Journal of General Internal Medicine

, Volume 32, Issue 6, pp 626–631

Physician and Patient Views on Public Physician Rating Websites: A Cross-Sectional Study

  • Alison M. Holliday
  • Allen Kachalia
  • Gregg S. Meyer
  • Thomas D. Sequist
Original Research

DOI: 10.1007/s11606-017-3982-5

Cite this article as:
Holliday, A.M., Kachalia, A., Meyer, G.S. et al. J GEN INTERN MED (2017) 32: 626. doi:10.1007/s11606-017-3982-5



Numerical ratings and narrative comments about physicians are increasingly available online. These physician rating websites include independent websites reporting crowd-sourced data from online users and health systems reporting data from their internal patient experience surveys.


To assess patient and physician views on physician rating websites.


Cross-sectional physician (electronic) and patient (paper) surveys conducted in August 2015.


Eight hundred twenty-eight physicians (response rate 43%) affiliated with one of four hospitals in a large accountable care organization in eastern Massachusetts; 494 adult patients (response rate 34%) who received care in this system in May 2015.

Main Measures

Use and perceptions of physician rating websites.

Key Results

Fifty-three percent of physicians and 39% of patients reported visiting a physician rating website at least once. Physicians reported higher levels of agreement with the accuracy of numerical data (53%) and narrative comments (62%) from health system patient experience surveys compared to numerical data (36%) and narrative comments (36%) on independent websites. Patients reported higher levels of agreement with trusting the accuracy of data obtained from independent websites (57%) compared to health system patient experience surveys (45%). Twenty-one percent of physicians and 51% of patients supported posting narrative comments online for all consumers. The majority (78%) of physicians believed that posting narrative comments online would increase physician job stress; smaller proportions perceived a negative effect on the physician–patient relationship (46%), health care overuse (34%), and patient-reported experiences of care (33%). Over one-fourth of patients (29%) believed that posting narrative comments would cause them to be less open.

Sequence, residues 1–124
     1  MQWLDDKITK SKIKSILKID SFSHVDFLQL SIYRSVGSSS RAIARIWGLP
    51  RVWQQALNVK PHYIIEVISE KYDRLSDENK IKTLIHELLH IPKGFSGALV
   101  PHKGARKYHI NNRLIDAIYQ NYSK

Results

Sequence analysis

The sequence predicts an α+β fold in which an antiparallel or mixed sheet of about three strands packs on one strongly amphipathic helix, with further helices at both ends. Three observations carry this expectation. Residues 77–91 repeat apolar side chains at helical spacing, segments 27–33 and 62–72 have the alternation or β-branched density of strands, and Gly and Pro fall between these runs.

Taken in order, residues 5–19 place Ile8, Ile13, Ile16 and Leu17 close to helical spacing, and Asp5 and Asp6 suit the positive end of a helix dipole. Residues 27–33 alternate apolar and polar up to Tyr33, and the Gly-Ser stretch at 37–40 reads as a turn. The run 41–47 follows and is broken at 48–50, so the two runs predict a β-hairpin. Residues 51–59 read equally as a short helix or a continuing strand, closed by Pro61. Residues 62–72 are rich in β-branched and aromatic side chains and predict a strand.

Physicians and patients have different views on whether independent or health system physician rating websites are the more reliable source of information. Their views on whether such data should be shared on public websites are also discordant.


quality improvement patient satisfaction patient engagement consumer health doctor–patient relationships 

Copyright information

© Society of General Internal Medicine 2017

Authors and Affiliations

  • Alison M. Holliday
    • 1
  • Allen Kachalia
    • 1
    • 2
  • Gregg S. Meyer
    • 1
    • 3
    • 4
  • Thomas D. Sequist
    • 2
    • 3
    • 5
  1. 1.Harvard Medical SchoolBostonUSA
  2. 2.Division of General Medicine and Primary Care, Brigham and Women’s HospitalBostonUSA
  3. 3.Partners HealthCare SystemBostonUSA
  4. 4.Department of Medicine, Massachusetts General HospitalBostonUSA
  5. 5.Department of Health Care Policy, Harvard Medical SchoolBostonUSA

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